A woman getting an eye exam.
Getting an eye exam is key for diagnosing macular degeneration.

What Causes Macular Degeneration?

Macular degeneration is the most common cause of vision loss in Americans over 60. Although it does not cause complete blindness, it can make everyday tasks like reading and driving difficult.

So, what causes macular degeneration, and can it be prevented? Here’s all you need to know.

What is Macular Degeneration?

Macular degeneration, sometimes known as age-related macular degeneration (AMD), is a common eye disease.

It affects part of the eye called the macula, which is responsible for providing clarity in the central area of vision.

AMD can cause vision loss in the direct line of sight, making it challenging to drive, read, watch TV, or recognize faces. However, it does not affect the peripheral vision and does not cause complete blindness.

As the name suggests, it is more common in older people, especially those over the age of 60.

What Causes Macular Degeneration?

There are two types of macular degeneration, wet and dry.

Dry macular degeneration is the most common type and accounts for around 80% of cases. It occurs when the macula becomes thin and covered in yellow protein deposits called drusen. Dry AMD leads to gradual vision loss, usually over the course of several years.

Wet macular degeneration, also known as neovascular AMD, is less widespread. It is the result of new blood vessels forming under the retina, the tissue at the back of the eye. These blood vessels are weak and prone to bleeding, which leads to vision loss. Wet AMD can damage the vision far more rapidly than dry AMD, sometimes in just a few weeks or months.

Risk Factors for Macular Degeneration

Although eye experts understand the difference between the two types of macular degeneration, their exact cause is still unknown. However, there are several factors that may increase the risk of developing AMD. They include:

Macular Degeneration Symptoms

In its early stages, macular degeneration may not cause any symptoms. This is why it is important to attend regular eye examinations. Ophthalmologists can detect early macular degeneration as part of a routine check-up.

In its latter stages, AMD can cause the following symptoms:

  • Blurring or distortion in the central area of vision
  • Straight lines appearing crooked or curved
  • Objects appearing smaller than they really are
  • Colors seeming less bright than usual
  • Needing brighter light to perform activities such as reading
  • Difficulty reading words or recognizing faces

Macular degeneration can affect one eye or both. In some cases, it affects one eye first before progressing to the other.

The condition is not painful and it does not alter the appearance of the eyes.

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Diagnosing Macular Degeneration

During an eye exam, an ophthalmologist will use a magnifying glass to view the back of the eye and look for abnormal blood vessels or drusen. They might use eye drops to widen the pupil, and this can cause blurred vision for several hours after the exam. In this situation, it is essential not to drive until the vision returns to normal.

Other diagnostic tests include looking at an image called an Amsler grid. It helps ophthalmologists to identify any blurry or blank spots in the field of vision.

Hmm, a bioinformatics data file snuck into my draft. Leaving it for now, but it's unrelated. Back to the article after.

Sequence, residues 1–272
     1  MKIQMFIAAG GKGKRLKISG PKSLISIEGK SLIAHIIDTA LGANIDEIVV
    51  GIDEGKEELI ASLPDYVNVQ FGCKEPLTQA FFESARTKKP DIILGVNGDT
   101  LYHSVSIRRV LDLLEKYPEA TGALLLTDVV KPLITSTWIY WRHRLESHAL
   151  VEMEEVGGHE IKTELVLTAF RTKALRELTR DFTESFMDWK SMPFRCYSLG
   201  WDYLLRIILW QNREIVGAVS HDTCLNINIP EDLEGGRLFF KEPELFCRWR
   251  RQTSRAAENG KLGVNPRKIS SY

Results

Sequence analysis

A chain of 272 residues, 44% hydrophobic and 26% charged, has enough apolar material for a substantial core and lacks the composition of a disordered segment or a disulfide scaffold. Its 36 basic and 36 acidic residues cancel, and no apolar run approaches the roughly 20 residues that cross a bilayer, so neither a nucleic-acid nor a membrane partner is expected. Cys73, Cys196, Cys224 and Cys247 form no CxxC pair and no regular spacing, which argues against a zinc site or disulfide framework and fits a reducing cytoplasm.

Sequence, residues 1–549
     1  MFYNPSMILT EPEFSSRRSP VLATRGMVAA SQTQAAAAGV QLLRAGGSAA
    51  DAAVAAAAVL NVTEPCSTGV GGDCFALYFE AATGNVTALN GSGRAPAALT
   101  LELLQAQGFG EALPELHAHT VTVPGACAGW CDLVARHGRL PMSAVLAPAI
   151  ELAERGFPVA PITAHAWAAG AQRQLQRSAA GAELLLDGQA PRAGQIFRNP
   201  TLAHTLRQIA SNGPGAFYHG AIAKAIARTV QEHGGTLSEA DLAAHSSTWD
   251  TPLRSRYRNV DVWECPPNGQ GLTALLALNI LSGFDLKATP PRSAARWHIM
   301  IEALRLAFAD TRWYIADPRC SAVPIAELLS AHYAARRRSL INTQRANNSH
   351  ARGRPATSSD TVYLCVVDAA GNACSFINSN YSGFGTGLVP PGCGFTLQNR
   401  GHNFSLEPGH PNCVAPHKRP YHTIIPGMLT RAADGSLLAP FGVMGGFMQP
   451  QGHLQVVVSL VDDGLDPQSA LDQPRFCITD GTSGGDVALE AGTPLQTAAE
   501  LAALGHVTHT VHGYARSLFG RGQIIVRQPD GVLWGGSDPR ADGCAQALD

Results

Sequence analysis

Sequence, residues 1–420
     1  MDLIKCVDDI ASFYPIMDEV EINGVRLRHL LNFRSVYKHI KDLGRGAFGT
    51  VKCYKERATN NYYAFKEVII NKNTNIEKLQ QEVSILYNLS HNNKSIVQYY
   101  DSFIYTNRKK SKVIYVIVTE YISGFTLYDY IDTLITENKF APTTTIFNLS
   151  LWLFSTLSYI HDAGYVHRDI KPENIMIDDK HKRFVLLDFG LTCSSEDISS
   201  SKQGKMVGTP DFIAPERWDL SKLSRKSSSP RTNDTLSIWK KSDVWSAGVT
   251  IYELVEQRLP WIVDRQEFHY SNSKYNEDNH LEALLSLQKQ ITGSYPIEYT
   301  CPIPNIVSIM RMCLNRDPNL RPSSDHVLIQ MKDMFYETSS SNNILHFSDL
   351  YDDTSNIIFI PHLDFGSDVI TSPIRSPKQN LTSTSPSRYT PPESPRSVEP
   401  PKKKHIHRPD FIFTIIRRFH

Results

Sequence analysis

Patients might also undergo imaging techniques, including fluorescein angiography or optical coherence tomography, which allow ophthalmologists to observe the inner eye.

Fluorescein angiography involves injecting a dye into the patient’s arm and observing how it moves through the eyes’ blood vessels. This process can highlight any changes or abnormalities in the blood flow.

Optical coherence tomography uses a special type of light to produce a detailed picture of the retina. It can help to identify thick or thin areas, and retinal swelling due to leaky vessels.

Treatment Options for Macular Degeneration

There is no specific treatment for dry AMD. Therefore, patients may have to rely on vision aids to perform everyday activities. Some of the options currently available include:

  • Magnifying lenses
  • Installing brighter lights in the home
  • Software or applications to facilitate computer and smartphone use
  • Visual training techniques, such as eccentric viewing training

Wet AMD can be treated with regular injections of anti-VEGF medication. These drugs stop the formation of new blood vessels on the retina. They prevent the condition from worsening in 90% of patients and may even improve vision in 30%.

Side effects of anti-VEGF injections include:

  • Bleeding
  • Redness
  • Eye irritation
  • A sensation of something stuck in the eye

Another option is photodynamic therapy, in which a bright laser is shone into the eye. Side effects include temporary visual disturbances and increased sensitivity to light.

Finally, it may be possible to prevent macular degeneration or slow its progression by making some healthy lifestyle changes. They include:

  • Not smoking
  • Maintaining a healthy body weight
  • Exercising regularly
  • Eating a healthy balanced diet, specifically: reducing saturated fats (butter, cheese, baked goods, fatty cuts of meat, etc.), and increasing intake of fish, yellow fruit and vegetables, and dark, leafy greens

There is also evidence that dietary supplements may help some people with AMD. The American Academy of Ophthalmology recommends taking the following vitamins and minerals daily:

  • Vitamin C (500 mg)
  • Vitamin E (400 IU)
  • Lutein (10 mg)
  • Zeaxanthin (2 mg)
  • Zinc (80 mg)
  • Copper (2 mg)

Beta carotene is another potentially beneficial supplement. However, smokers should not take it as it increases the risk of lung cancer. For more information, speak to a qualified ophthalmologist.